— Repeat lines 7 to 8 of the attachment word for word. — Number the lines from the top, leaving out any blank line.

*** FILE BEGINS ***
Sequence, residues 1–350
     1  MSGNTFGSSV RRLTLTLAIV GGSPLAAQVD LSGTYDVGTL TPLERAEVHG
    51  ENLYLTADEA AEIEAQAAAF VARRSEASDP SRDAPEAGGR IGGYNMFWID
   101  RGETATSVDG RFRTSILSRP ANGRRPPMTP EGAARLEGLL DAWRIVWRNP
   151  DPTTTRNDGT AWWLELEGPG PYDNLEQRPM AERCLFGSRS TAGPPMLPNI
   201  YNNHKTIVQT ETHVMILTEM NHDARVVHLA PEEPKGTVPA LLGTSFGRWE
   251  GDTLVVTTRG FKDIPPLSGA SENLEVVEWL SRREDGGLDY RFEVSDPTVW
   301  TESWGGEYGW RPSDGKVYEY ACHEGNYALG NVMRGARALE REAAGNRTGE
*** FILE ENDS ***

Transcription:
   251  GDTLVVTTRG FKDIPPLSGA SENLEVVEWL SRREDGGLDY RFEVSDPTVW
   301  TESWGGEYGW RPSDGKVYEY ACHEGNYALG NVMRGARALE REAAGNRTGE